Fake London design agency dupes 50 staff members into working for free


The BBC spent a year investigating Madbird, a fake design firm.

More than 50 staff on a commission-only salary were horrified to discover the glamorous UK design agency they worked at — some for nearly six months — was completely faked.

The BBC spent a year investigating Madbird, which turned out to be an elaborate rouse led by a charismatic yet duplicitous CEO named Ali Ayad.

The agency had proactively hired dozens of staff across sales, design and managerial positions, and plenty of staff lived outside the UK too — Madbird’s HR department posted job ads for a team based in Dubai, while a dozen people were hired in Uganda, India, South Africa, the Philippines and elsewhere.

One of the new recruits was Chris Doocey, a 27-year-old sales manager based in Manchester, UK. Doocey was hired in October 2020 and wasn’t surprised to hear it was on a remote basis at first. He said was excited about his new gig at Madbird, as the agency described itself as a “human-centred digital design agency born in London, running worldwide” and was led by Ayad, a model and influencer, who said he’d ‘worked’ as a creative designer at Nike.

Ayad had over 90,000 followers on his Instagram account, and his Linkedin page was bursting with glowing endorsements, including one supposedly from a creative director at Nike that admired how “meaningful and thoughtful his approach was”. Another of the endorsements was from Ayad’s business partner Dave Stanfield who staff understood had co-founded Madbird with him.

Madbird’s new staff were apparently impressed by Ayad too, describing his charisma and charm as akin to actor Tom Cruise, though Ayad preferred a comparison to tech legends like Steve Jobs and Elon Musk. “Elon Musk works 16 hours a day, I’m trying to do 17!” Ayad reportedly wrote in one email.

Staff outside the UK had something else fuelling their fire. According to reports, Ayad had promised a working visa sponsorship in the UK if staff met their sales targets and survived their six-month probation period.

But it wasn’t easy to make it through — Ayad had told all staff they’d be paid on a commission-only basis during the first six months and given a A$66,240 salary afterwards. Some staff left after a few weeks, while others stayed the course, but by February 2021, the agency had not nailed down a single client even though past clients supposedly included Nike, Tate, and Toni & Guy.

Gemma Brett, a 27-year-old designer from west London, searched the location of Madbird’s London headquarters on a whim, finding it was a swanky Kensington apartment block instead. Together with a colleague who was leading the company’s expansion into Dubai, Brett started sleuthing and, through the power of reverse-image searching, discovered all the previous design work Madbird boasted about on its website had been ripped from other designers and high profile agencies.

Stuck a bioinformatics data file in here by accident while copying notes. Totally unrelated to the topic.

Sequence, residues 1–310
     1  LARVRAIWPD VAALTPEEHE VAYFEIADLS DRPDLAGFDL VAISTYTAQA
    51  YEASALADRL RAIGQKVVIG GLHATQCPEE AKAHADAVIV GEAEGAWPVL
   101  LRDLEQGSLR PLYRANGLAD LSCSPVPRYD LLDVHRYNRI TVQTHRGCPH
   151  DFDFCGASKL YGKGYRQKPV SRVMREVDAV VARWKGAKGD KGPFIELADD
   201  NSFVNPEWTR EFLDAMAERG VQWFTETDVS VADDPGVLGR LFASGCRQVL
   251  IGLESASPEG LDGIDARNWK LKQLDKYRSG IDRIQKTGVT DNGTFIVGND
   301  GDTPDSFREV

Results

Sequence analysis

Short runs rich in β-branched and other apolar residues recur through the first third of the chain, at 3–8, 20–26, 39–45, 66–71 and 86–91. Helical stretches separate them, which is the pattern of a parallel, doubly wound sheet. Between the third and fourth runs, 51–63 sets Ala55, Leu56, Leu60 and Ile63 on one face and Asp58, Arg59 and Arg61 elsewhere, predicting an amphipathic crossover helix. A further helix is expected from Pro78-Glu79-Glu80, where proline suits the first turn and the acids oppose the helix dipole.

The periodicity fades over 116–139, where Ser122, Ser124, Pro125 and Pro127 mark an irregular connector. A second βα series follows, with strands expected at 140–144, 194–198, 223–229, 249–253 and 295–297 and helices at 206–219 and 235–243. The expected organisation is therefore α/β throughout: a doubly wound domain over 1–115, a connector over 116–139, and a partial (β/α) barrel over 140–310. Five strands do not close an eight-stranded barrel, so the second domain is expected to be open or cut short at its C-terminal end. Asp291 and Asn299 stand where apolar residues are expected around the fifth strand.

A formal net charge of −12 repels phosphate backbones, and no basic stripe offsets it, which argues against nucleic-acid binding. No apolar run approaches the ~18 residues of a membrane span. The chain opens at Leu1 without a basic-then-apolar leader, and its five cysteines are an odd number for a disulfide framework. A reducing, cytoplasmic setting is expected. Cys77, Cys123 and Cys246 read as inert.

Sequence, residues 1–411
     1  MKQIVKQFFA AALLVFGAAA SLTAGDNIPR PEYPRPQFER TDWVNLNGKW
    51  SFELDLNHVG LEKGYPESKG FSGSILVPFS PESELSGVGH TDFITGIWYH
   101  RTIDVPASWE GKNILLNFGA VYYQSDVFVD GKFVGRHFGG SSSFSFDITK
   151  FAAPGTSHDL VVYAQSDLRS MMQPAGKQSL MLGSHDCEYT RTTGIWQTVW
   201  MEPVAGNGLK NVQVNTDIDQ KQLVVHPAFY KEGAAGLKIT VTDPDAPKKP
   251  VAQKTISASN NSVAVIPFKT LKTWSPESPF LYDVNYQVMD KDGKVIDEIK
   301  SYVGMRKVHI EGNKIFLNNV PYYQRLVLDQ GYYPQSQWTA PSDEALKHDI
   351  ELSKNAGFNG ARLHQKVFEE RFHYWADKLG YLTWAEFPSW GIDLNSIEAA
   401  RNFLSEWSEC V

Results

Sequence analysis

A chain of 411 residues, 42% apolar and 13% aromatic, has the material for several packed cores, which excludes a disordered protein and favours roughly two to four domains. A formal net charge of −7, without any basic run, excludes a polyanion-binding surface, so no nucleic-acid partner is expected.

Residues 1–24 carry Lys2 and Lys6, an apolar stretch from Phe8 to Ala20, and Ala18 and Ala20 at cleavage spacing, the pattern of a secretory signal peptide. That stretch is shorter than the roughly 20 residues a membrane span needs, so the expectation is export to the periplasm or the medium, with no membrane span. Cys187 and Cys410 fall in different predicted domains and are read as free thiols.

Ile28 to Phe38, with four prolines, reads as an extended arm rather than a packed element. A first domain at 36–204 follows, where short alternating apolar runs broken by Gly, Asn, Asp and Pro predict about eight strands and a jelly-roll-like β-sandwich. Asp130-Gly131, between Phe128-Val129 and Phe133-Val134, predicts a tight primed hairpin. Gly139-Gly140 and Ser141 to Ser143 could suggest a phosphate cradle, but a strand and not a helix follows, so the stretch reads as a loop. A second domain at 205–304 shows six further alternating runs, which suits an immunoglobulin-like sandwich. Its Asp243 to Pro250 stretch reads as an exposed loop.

The pair then sent an all-staff email from an alias Jane Smith with all the detective work they’d done, accusing Madbird’s CEO of “unethical and immoral” behaviour — including “fabricating” team members.

At first, Ayad acted flabbergasted himself, saying: “If any of this information came to be true,” it is as “shocking to me as it’s shocking to all of you,” and then later promised to pause all work until “we can fix this”. But in what would be the last correspondence from their ambitious job fishing boss, he sent another note: “I have put 16 hours every single day for months and done the best that I could to make this work. I should’ve known better and for that I’m truly sorry”.

His Linkedin disappeared, and he stopped answering his phone, even blocking some bewildered staff.

The BBC found that at least six of the most senior employees profiled by Madbird were faked, using photos taken from the internet. Ayad’s business partner Stanfield was made up, even though he had a Linkedin profile and had even sent emails to staff. Reporters tracked down the man in Stanfield’s photo, who turned out to be a Prague-based beehive maker named Michal Kalis.

Nike confirmed Ayad had never worked for Nike, and the elite universities he supposedly attended in the US and Canada had never had a student with his name. Further, they didn’t offer the degrees he said he’d studied. Ayad had even reportedly faked a modelling job in GQ magazine, which showed him in a pensive pose for high fashion brand Massimo Dutti, an apparent digital alteration.

Staff were devastated, with several overseas approaching the supposed six month probation period’s completion. Doocey, from Manchester, had a $19,000 credit card bill from surviving without pay, while another employee realised he would’ve broken Dubai’s strict business laws had he locked in a deal.

The BBC actually confronted Ayad in the street who was a confusing bundle of denial, misdirection and boastfulness about the “good” he’d done hiring staff during COVID. Later he responded to a string of accusations from the broadcaster saying some were true but most were “absurd” — though Ayad never pointed out which was which.


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